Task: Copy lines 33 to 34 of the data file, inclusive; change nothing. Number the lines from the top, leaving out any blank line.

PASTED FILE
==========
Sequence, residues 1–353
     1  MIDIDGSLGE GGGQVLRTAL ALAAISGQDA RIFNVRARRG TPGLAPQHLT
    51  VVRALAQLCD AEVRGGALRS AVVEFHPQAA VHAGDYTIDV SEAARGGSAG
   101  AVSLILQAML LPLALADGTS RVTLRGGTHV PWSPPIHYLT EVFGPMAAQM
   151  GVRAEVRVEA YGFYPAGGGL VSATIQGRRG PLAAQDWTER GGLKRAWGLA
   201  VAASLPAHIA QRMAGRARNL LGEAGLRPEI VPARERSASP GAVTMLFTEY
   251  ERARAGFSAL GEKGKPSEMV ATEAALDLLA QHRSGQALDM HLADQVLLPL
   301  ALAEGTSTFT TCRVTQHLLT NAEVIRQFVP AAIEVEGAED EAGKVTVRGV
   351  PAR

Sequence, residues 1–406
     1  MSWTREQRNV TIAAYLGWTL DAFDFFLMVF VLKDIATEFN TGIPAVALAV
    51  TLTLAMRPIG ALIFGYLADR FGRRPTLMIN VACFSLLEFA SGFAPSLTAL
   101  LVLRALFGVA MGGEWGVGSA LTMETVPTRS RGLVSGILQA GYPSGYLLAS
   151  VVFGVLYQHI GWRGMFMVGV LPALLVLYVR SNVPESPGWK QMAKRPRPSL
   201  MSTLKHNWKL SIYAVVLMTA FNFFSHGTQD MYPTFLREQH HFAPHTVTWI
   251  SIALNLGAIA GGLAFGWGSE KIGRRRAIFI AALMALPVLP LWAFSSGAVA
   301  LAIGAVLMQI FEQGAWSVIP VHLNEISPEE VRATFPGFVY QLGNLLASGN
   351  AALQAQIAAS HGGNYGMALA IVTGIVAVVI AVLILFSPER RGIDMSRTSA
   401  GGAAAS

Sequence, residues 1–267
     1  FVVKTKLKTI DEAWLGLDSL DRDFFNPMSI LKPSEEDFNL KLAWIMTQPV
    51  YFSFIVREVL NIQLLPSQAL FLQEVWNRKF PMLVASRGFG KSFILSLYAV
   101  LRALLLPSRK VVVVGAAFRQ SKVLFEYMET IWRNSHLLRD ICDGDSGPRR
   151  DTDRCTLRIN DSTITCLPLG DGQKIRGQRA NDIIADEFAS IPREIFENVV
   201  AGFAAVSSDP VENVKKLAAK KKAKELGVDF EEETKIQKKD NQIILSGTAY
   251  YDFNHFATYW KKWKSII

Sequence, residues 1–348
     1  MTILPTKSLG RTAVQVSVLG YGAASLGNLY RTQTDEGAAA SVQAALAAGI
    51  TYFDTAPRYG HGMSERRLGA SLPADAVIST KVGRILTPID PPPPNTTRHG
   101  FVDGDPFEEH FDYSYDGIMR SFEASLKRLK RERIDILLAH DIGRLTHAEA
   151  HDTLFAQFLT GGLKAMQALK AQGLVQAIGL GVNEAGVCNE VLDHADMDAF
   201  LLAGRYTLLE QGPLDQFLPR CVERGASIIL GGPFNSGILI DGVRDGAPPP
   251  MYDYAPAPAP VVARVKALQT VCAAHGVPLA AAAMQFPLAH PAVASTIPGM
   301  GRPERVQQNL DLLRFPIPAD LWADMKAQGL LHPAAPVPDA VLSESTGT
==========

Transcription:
   251  MYDYAPAPAP VVARVKALQT VCAAHGVPLA AAAMQFPLAH PAVASTIPGM
   301  GRPERVQQNL DLLRFPIPAD LWADMKAQGL LHPAAPVPDA VLSESTGT